Britain bans Islamist group at centre of march row

Britain will outlaw an Islamist group that provoked anger with a plan to march through a town where British troops killed in Afghanistan are honored, the interior minister announced Tuesday.

After a media outcry and criticism from politicians, the group Islam4UK dropped plans to march through the town of Wootton Bassett in southern England, saying it had successfully highlighted the plight of Muslims in Afghanistan.

Home Secretary Alan Johnson said the ban aimed to help prevent terrorism. It will take effect Thursday and make it a criminal offence to be a member of Islam4UK, punishable by up to 10 years in prison.

“I have today laid an order which will proscribe Al Muhajiroun, Islam4UK, and a number of the other names the organization goes by,” Johnson said in a statement.

“Proscription is a tough but necessary power to tackle terrorism and is not a course we take lightly.”

Johnson said the organization was already banned under two other names — Al Ghurabaa and The Saved Sect — and militant groups should not be able to circumvent proscription simply by changing their names.

Prime Minister Gordon Brown last week denounced the group’s plan to march through Wootton Bassett, where mourners regularly line the streets as coffins of British soldiers flown back from Afghanistan pass through on their way from a nearby air base.


The government is keen to show it is tough on Islamist radicals after a Nigerian who had studied in London tried to blow up a plane flying into the United States on December 25. With a general election looming in the coming months, ministers do not want voters to see Britain as a haven for extremists.

The leader of Islam4UK, Anjem Choudary, told BBC radio the ban would not prevent him from continuing his campaigns.

“We won’t be using those names and those platforms which have been proscribed, but I can’t stop being a Muslim, I can’t stop propagating Islam, I can’t stop praying, I can’t stop calling for the sharia,” he said.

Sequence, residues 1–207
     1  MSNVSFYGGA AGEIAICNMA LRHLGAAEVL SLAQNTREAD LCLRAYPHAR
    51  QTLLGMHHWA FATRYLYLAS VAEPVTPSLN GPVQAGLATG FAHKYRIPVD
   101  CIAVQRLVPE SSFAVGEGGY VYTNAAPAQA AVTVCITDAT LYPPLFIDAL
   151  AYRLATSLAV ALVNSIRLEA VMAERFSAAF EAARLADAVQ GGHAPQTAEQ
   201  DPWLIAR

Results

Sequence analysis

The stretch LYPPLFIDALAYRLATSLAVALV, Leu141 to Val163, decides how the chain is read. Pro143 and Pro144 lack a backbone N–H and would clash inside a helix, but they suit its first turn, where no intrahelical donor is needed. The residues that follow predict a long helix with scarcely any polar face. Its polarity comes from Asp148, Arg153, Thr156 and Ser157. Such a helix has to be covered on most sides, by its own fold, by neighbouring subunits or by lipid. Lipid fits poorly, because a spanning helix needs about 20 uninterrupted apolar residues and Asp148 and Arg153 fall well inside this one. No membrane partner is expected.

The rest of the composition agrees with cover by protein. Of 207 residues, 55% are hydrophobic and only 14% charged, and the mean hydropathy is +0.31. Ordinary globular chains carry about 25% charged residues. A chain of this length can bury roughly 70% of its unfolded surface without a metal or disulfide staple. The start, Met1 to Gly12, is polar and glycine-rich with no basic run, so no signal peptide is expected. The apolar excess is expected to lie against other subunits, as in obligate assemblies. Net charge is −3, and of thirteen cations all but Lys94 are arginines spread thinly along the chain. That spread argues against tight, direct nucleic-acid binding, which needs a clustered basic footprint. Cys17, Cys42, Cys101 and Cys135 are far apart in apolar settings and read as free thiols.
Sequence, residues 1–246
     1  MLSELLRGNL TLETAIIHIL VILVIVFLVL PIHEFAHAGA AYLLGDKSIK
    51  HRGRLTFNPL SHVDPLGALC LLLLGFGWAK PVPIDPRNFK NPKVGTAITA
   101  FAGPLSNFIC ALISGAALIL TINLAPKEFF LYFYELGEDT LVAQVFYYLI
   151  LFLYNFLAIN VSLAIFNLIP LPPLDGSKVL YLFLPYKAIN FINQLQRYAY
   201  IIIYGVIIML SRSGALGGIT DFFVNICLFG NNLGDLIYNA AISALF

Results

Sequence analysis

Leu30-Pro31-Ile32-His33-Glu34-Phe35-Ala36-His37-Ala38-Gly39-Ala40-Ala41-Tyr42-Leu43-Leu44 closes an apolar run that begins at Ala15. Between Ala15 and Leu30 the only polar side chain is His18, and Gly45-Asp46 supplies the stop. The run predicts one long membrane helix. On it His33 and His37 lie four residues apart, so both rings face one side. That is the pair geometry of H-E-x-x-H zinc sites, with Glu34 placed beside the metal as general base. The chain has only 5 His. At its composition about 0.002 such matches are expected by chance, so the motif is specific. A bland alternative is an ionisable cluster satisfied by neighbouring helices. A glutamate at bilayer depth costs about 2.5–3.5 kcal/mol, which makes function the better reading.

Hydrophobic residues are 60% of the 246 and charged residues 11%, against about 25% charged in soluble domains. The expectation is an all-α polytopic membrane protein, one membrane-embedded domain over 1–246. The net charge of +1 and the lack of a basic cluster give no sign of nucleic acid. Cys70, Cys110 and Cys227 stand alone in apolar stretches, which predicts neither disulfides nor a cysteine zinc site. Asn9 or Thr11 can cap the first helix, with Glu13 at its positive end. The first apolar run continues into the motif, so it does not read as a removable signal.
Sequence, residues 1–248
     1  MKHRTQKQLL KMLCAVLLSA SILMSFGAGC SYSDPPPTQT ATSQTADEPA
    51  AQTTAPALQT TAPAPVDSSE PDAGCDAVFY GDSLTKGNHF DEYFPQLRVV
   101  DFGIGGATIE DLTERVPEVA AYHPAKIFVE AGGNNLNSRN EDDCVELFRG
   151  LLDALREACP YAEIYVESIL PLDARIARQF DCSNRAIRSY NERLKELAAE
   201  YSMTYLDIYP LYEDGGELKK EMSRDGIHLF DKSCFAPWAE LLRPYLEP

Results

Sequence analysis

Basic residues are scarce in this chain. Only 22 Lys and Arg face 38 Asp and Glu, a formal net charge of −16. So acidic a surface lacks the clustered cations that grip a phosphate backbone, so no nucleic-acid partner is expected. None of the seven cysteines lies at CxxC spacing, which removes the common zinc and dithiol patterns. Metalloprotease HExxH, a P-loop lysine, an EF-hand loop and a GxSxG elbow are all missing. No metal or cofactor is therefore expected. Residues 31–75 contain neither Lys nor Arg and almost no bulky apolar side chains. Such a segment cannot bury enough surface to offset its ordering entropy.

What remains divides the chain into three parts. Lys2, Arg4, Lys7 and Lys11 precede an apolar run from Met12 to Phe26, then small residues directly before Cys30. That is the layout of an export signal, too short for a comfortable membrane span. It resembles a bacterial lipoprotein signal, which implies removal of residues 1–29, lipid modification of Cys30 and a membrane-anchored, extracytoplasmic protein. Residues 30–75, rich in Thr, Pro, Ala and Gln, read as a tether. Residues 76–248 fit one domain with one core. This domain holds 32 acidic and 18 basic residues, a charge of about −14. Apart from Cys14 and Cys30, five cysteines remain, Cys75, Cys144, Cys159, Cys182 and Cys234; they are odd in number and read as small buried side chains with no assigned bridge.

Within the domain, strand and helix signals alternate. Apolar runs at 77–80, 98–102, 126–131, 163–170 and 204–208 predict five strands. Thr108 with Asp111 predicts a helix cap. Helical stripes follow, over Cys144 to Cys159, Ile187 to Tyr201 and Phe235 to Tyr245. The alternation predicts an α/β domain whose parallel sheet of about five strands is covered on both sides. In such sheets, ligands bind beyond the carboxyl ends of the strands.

“That is something which I must do, and ultimately I will pay whatever price I need to for my belief.”

Islam4UK has links to Islamist militant leader Omar Bakri Mohammed, who has been banned from entering Britain.

Peter Neumann, director of the International Center for the Study of Radicalization at King’s College in London, said Islam4UK had only 50 to 100 full members, although the group attracted much bigger crowds at its events.

“Islam4UK is very much a group that seeks publicity, that wants to be in the public eye, that provokes people in this country, and as a result gets onto the front page of the Daily Mail,” Neumann said, referring to a popular newspaper.

“That’s why the home secretary felt compelled to react.”

Neumann described the group as a “conveyor belt” toward violent activities, citing evidence that numerous members had gone on to militant training camps in Afghanistan, where they had fought alongside the Taliban.

Choudary denied that any member of his group had ever been involved in violence and denounced the ban as a breach of freedom of expression.